Community Gateways

I have so many other things to write today, but I ought to at least cross this off the list. After all, how can I resist an opportunity to espouse a business model completely unrelated to my own? Inconceivable. At any rate, this should be fairly brief, as it’s fairly simple.

A community gateway is a node that gets its funding from a community pool, turning peer connectivity on and off based on the total content of its bitcoin wallet. It has interesting pros and cons, but ultimately, I believe it is more practical than other mesh funding systems.

Some impractical alternatives, and why they’re impractical.

The whole reason I’m writing this, is because I was getting tired of some folks in IRC espousing monetization designs that have serious drawbacks, or at least serious incompatibilities with the commonly-accepted goals of Project Meshnet.

Dense paid peering

This is a term I’ve made up for someone else’s idea, and hopefully it will be accepted as a fitting one. What I mean by this is as follows: a network in which the majority of nodes charge money for peering (a dense concentration of paid peers). The idea is that everyday joes on commonly-used routes will charge money for access.

DPP sounds great on paper, but in practice, it’s a pretty noxious sort of network. Any cost to peer is a barrier to entry, if for no other reason than it forces you to set up your monetary stuff (we’ll assume Bitcoin) before you can access the internet. If that wasn’t a chicken-and-egg problem, it would still be a highly discouraging step to joining the network, which is a pretty serious adoption chiller.

Also, the benefit to the node admins is pretty marginal. For all the inconvenience of the payment system, the fees will probably too low to be useful to the very people it’s supposed to recompense, because they all have to compete with “free.” This makes villains out of the altruists and beggars out of the middle nodes, nobody really wins except the people who can monopolize communication between specific areas.

Also, this would almost certainly bind us to all the complexities and headaches of microtransactions…

Microtransactions

Microtransactions do work better with Bitcoin, and are probably the only practical method for paying for mesh internet in a mobile-ISP model like DPP. That said, “best option” does not necessarily mean “good option,” and there are a lot of caveats to microtransactions. In fact, I’m going to tear a new one for my favorite microtransaction model.

The best model, IMHO, is small-prepay-with-prorated-refund. This means you pay some small amount - 10 cents, for example - that you can afford to write off if the peer is malicious. When you disconnect, the peer refunds you the unused portion of your money. When you need more money, you can transfer it, possibly in increasing increments. This is reasonably thrifty with transaction count, so you don’t lose as much to fees, with low risk of losing money to “con” peers (which successfully take your money, but never give you internet, or give you access to just a crippled subnet). Note that CJDNS prevents a lot of traditional abuses, so generally, any internet is clean internet.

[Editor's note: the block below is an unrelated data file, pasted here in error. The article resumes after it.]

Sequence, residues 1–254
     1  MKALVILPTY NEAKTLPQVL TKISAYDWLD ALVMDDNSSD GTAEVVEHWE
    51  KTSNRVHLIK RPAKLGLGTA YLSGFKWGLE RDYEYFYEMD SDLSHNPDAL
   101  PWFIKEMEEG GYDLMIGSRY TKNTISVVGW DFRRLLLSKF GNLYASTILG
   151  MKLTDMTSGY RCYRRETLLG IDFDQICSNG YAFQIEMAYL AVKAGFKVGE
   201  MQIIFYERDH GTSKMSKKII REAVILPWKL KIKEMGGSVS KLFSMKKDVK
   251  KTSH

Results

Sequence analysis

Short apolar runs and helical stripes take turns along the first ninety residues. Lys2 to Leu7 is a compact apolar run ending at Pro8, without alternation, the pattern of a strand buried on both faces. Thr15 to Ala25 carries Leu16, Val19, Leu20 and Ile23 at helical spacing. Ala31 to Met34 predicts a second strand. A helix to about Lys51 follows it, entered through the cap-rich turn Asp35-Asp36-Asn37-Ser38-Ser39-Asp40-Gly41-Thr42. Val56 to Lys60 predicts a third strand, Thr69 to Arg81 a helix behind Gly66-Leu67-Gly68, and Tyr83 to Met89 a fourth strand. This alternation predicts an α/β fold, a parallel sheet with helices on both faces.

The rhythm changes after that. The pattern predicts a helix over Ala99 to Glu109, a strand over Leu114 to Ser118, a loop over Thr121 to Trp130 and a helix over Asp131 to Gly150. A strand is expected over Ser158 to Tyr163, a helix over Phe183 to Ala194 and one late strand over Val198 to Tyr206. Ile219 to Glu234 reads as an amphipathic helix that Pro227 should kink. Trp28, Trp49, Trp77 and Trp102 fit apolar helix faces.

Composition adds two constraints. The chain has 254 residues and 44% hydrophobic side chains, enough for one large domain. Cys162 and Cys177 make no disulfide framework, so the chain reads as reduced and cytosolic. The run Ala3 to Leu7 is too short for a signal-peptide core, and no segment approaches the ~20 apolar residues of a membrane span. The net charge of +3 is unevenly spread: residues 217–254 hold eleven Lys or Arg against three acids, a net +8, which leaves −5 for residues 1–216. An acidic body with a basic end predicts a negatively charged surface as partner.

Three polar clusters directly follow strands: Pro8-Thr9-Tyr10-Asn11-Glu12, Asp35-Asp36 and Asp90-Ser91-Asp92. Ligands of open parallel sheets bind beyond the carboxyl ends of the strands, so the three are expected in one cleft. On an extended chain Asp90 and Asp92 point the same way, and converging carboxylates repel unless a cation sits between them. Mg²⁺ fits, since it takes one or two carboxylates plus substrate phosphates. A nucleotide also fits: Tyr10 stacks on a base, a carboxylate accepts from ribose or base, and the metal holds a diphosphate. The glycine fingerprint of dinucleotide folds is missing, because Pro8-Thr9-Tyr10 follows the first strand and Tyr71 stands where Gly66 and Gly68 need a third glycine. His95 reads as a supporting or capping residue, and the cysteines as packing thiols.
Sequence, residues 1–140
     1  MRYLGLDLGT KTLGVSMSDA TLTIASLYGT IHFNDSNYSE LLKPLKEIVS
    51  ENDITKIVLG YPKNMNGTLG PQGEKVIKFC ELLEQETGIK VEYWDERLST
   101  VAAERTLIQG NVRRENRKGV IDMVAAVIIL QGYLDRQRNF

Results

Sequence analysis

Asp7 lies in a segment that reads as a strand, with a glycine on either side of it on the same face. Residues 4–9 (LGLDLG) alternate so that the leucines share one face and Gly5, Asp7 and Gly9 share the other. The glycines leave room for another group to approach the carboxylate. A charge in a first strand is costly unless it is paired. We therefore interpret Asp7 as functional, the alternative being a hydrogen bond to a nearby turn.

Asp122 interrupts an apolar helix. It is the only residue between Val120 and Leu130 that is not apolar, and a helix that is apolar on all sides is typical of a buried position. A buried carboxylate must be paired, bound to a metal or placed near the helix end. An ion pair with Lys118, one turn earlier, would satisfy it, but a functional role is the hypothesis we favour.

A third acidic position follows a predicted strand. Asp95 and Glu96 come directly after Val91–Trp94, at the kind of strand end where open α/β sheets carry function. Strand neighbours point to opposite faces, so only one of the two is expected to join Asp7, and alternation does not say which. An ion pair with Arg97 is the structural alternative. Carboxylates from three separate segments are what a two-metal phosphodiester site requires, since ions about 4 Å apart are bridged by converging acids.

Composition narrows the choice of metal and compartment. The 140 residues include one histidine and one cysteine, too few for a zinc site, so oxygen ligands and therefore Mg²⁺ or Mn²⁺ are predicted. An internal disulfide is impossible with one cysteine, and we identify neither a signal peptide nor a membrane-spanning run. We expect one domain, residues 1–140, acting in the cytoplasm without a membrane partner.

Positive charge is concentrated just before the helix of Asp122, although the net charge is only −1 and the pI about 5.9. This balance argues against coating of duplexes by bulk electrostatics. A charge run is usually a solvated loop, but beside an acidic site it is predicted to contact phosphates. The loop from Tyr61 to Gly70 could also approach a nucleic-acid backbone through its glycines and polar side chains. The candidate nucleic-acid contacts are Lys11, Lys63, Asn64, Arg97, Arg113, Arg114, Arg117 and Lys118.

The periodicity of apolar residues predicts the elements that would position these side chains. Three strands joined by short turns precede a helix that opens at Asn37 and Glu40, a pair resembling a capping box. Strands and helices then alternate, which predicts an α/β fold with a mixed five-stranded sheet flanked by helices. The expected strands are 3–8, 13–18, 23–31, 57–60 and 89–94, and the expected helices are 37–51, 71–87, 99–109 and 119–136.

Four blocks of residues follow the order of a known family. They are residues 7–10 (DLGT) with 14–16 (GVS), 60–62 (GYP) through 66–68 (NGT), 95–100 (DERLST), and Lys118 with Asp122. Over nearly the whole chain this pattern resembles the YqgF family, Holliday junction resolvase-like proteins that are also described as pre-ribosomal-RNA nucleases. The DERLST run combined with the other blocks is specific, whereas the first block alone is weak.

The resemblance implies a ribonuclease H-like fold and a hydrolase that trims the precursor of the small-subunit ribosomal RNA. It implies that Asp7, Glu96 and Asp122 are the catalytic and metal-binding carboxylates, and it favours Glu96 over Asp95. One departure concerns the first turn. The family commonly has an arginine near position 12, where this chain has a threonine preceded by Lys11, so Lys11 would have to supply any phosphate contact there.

The biggest problem is that you have to preload your computer with money. The complexity varies, depending on whether you use a single-wallet or multi-wallet scheme. Single-wallet is simple for the user to set up, but the implementation/incantation to transfer money from an offline machine requires a Bitcoin guru to understand; it’s miserable to try to whiteboard, let alone code. Multi-wallet is a lot simpler for everyone to understand, but requires more prep beforehand, since you are basically handing over the private key (and thus ownership) of small wallets, which means you have to create and populate these micro-wallets when you have internet, which is even more squirrel-storing-up-for-winter pain-in-the-ass than single-wallet. Multi-wallet is still the better option, as I see it, but again, this just a microcosm of the “best != good” nature of microtransactions.

Another inherent problem is fees. While SPWPR helps to minimize the number of transactions, the very inescapable nature of microtransactions is they maximize the fee-to-payment ratio of the transaction. This is actually a fair tradeoff - dust transactions crap up the blockchain and are more work for miners, because you ultimately transfer the same amount of money, but divide it into more transactions, and the miner work increases with transaction count (not the amount of money in the transactions). But fundamentally, it’s the most inefficient way you can move money from one bitcoin address to another, and you get financially penalized for it.

Finally, it encourages wait-till-the-last-minute payment by making the payment windows small, which makes connections less stable, which makes it more difficult than ever to do your money preloading (or really, do anything else online, for that matter) while you have internet. This can probably be worked around by turning knobs and implementing grace periods, but it’s still bandaids on an ugly mechanism.